The new green agenda is mental strife
Challenge magazine, Spring 2008
People’s politics. Taking our message to where people are, not where we want them to be. Two of the buzzwords coined by the new leader of the Liberal Democrats before, during and after the close-fought leadership election.
It is, indeed, one of the besetting sins of politicians that they think policy exists in neat bundles defined by the responsibilities of different government departments.
This particularly affects the green agenda, even in the Lib Dems, despite all the efforts to put some bright green idea on every page of the last manifesto. The truth is that, where people are – where it affects their real lives – the green agenda is inextricably bound up, for example, with the health agenda.
Do we ever see them linked together in political rhetoric, even by Lib Dems? Well, occasionally, but generally speaking, you will search in vain through the green sections of the manifesto about the impact on health and vice versa – the massive impact on heart attacks of living near urban motorways, or the new NHS resources that would be available if we could sort out air pollution, for example.
This political blindness means that it is often harder for politicians to see the new issues as they emerge than it is for everyone else – even in the broader green ‘quality of life’ agenda. And one of those that are emerging fast is mental health.
My own organisation, the New Economics Foundation, and academics like Sir Richard Layard at the LSE, have both been struggling to knit together a political manifesto that puts well-being – rather than economic growth – at the heart of our political objectives. Both have put improving mental health high on their list of emerging well-being issues.
It is because a similar blindness besets economists and policy-makers that they don’t see the massive weight of unhappiness, of rising mental problems and depression, that afflicts the population – a fifth of the population suffering from depression at any one time, 31 million prescriptions for anti-depressants a year, and a wait for four years for cognitive behavioural therapy on the NHS.
This unsustainable effect of modern society on people – stress, debt and consumerism – is a mirror image of the unsustainable effects of that same society on the environment, but it is so far only on the fringes of the green agenda.
Yet all that looks likely to change, thanks to a range of new pieces of research, mainly in the Netherlands. We already know from there that mental health problems are enormously higher in high-density concrete estates without grass or trees. But it is now also clear that:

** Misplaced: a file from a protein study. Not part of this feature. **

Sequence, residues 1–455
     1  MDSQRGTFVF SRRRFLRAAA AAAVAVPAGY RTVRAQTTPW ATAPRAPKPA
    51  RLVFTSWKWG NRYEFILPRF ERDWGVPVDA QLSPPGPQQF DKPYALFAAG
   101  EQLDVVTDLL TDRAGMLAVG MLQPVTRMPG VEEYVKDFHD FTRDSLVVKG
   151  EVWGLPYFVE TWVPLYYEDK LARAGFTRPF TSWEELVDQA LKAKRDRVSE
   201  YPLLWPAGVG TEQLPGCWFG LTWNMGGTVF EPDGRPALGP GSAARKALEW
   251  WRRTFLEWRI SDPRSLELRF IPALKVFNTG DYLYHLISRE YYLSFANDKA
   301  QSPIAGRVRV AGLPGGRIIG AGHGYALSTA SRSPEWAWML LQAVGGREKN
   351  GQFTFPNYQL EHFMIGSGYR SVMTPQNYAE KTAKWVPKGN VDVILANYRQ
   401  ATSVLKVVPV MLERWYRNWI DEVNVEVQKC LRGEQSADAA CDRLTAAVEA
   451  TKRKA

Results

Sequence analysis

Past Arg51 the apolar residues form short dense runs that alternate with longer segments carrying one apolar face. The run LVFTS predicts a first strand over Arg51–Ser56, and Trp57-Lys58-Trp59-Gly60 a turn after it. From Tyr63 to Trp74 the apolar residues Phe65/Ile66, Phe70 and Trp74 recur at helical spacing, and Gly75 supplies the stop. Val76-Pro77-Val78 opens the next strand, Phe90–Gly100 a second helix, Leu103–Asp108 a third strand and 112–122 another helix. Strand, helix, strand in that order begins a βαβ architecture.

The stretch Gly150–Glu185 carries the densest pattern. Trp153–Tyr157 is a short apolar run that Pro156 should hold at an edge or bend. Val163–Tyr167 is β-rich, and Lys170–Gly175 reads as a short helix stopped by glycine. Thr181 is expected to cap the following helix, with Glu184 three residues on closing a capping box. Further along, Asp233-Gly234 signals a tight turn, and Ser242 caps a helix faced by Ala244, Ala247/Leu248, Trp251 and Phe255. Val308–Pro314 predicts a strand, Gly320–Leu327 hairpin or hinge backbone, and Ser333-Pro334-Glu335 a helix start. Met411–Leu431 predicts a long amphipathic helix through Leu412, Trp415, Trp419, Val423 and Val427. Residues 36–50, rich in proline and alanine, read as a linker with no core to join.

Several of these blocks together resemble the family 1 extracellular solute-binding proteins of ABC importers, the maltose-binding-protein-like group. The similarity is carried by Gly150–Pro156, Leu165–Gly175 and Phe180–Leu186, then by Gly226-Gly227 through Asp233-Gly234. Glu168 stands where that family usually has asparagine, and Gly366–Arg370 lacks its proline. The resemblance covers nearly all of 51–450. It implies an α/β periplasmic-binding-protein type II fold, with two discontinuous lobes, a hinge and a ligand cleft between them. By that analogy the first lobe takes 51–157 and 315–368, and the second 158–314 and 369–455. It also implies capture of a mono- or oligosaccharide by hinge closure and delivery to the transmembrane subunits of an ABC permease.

- 71 per cent in one Mind survey reported lower levels of depression after walking in a country park (22 per cent found an equivalent walk through a shopping centre made them more depressed).
- 24 per cent fewer sick visits among prisoners in Michigan in cells that overlooked farmland and trees.
- Shorter hospital stays, fewer painkillers, less medication for Pennsylvania patients when they had views of trees.
These are important findings, and the Netherlands now has 600 ‘care farms’ in the countryside to tackle depression, integrated into their health service (we have 42). They imply that human beings have a basic need for green, natural space and trees.
One study in Seattle even found that turnover in shops were higher when there were trees in the shopping street, so there are direct economic links as well.
All this also implies that the green movement, in the UK at least, is partly responsible for the rise in mental illness. Green campaigners have been at the forefront of calling for high density cities, and high density flats, over the past two decades, and high densities necessarily means less greenery.
The hideous results – at least for those who have to live in them – are all too obvious, just as they were two generations ago when environmentalists and architects last ganged up to raise urban densities. Then as now, it was the poor that suffered – without any obvious reduction in traffic either.
But the third implication is more urgent. There is a political opportunity here, because there is – hidden in this research – a note of hope. We can have an impact on the epidemic of depression that is undermining our society.
We can do so by making our cities greener, by building what Mind calls ‘ecotherapy’ as a treatment for mental distress in the NHS, and we can massively increase the effectiveness of our hospitals and prisons by accepting that patients and prisoners have a massive need for nature.
Imagine just what a 24 per cent reduction in the budget for prison medical services would mean. Imagine what we could do in hospitals too.
As a green Liberal Democrat, I have come to believe that our main enemy is now the technocrats who reduce the humanity – especially of the poor – by treating them like machines. I can think of no greater praise for this new green awareness than that technocrats will hate it.
We should, at the very least, back Mind’s campaign to make access to green space and exercise a core issue for the Healthcare Commission, the Commission for Social Care Inspection and the Prisons Inspectorate.
But we can also develop this as part of a wider theme in the overall Liberal Democrat narrative. The reason our public services are so expensive is that they are ineffective – and they don’t work partly because they reduce those in their care to easily measureable automatons, controllable by targets, drugs, threats and financial sticks and (occasionally) carrots.
It is the essence of Liberal Democracy – green or otherwise – in the years ahead that we understand human beings are more than that, and by doing so we rescue our public services from the sclerosis that is overwhelming them.
David Boyle is a fellow of the New Economics Foundation, and the author of Authenticity, The Tyranny of Numbers and Blondel’s Song. www.david-boyle.co.uk